Meanwhile, Germany had offered to send two battalions to aid Finland, and while Mannerheim opposed this, the Parliament-in-exile accepted the offer. A division of 9500 men led by General Rüdiger von der Goltz landed in Hanko on April 3 and conquered Helsinki by April 14, while a brigade of 2500 Germans landed at Loviisa and took Lahti April 19. By now, it was clear that the Reds had been decisively routed; those who could started to flee east, but the White and German troops moved to cut off that escape route as well. The Red provisional government fled to Wyborg but was soon surrounded there as well; Kouvola fell on May 3, Kotka on May 4, and the last Red Guards surrended at Ahvenkoski on May 5. The last Russians left the fortress of Ino on May 14, and two days later Mannerheim was treated to a victory parade in Helsinki.

The Retribution

All Red soldiers and prisoners of war were rounded up into concentration camps housing a total of some 74,000 people. (These were, incidentally, the first concentration camps on European soil, although the idea was first developed and used by the British in the Boer War.) Quickly investigated by special military tribunals, some 67,800 of these were found guilty of either "assistance to betraying the state" or outright treason. 8,360 Reds were executed, and another 12,500 died of starvation or disease in the concentration camps. This was not purely out of sadism, mind you, since WW1 was still going on -- the food situation was pretty grim in all of Finland and the Reds weren't on the top of the list.

Death Toll

              White     Red   Total
In battle      3100    3600    7700
Civilians      1650    ~800    2450
Executions        -    8380    8380
Starvation        -   12500   12500
TOTAL          4750   25280   30000
Or approximately 1% of Finland's total population. The figures do not include (comparatively low) Russian or German casualties.

What If...?

The two sides have traditionally viewed the events of the Civil War through very different lenses.

According to the Whites, the war was a fight for freedom (vapaussota), and their propaganda (during and after the war) claimed that a Red victory would have meant being swallowed up by the Soviet Union. The independence of 1917 and the ensuing battle are often conflated into one, so as to make it appear that the Whites defended Finland's independence against the Russian Red stooges, but since the Russians stayed on the sidelines this view isn't really correct.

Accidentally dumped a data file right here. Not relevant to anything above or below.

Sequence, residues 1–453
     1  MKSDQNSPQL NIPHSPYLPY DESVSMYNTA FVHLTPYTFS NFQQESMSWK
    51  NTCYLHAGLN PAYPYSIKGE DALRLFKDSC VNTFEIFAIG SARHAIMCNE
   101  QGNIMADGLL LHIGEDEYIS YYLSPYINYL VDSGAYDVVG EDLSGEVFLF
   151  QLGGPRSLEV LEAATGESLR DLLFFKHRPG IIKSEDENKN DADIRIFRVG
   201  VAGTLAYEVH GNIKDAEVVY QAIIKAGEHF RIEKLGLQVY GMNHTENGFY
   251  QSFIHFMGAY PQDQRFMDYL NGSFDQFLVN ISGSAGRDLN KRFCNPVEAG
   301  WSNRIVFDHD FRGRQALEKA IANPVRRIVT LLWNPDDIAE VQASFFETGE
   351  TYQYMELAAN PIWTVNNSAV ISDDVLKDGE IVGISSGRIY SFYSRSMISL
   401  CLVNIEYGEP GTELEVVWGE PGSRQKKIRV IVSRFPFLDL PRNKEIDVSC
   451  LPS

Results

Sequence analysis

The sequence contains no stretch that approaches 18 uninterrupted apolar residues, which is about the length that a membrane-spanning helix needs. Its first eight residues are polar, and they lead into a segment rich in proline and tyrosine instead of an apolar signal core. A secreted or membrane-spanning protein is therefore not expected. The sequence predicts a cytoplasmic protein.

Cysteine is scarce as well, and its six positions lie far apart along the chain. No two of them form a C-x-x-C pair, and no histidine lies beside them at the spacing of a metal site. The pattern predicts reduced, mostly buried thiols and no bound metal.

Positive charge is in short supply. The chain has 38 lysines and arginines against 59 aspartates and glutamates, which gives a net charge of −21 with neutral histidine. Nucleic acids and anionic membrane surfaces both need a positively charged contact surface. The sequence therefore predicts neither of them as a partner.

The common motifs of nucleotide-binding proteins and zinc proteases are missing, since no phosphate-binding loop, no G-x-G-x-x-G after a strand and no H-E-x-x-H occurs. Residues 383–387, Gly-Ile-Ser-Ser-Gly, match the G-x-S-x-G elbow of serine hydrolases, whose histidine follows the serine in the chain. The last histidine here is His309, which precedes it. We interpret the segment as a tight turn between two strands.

The Reds, for their part, like to cast the war as a Marxist class war, where the Red working class fought against the White capitalists. Given the composition of the two sides' armies this is largely (but not entirely) true, but it still oversimplifies the conflict too much: the Whites were not merely putting down a proletarian rebellion, they were fighting to throw off the threat of the Russian yoke.

The most neutral assessment is that the war was fought between two groups with differing opinions of their country's future, who were both willing to accept aid from wherever they could get it. This is why Finns most often use the term kansalaissota (The Citizens' War), reflecting the Finn-against-Finn nature of the war -- but this is also the definition of a civil war, and that's how the conflict is usually rendered in English.

National reconcialiation took place during the Finnish Winter War, when the two sides joined together to battle a common enemy, the Soviet Red Army. After World War II, the Civil War was largely swept under the carpet in order not to antagonize the Soviets, until the publication of Väinö Linna's epic trilogy Under the North Star (Täällä Pohjantähden alla) and, to a lesser extent, Lauri Virta's Moreeni brought it back to public consciousness.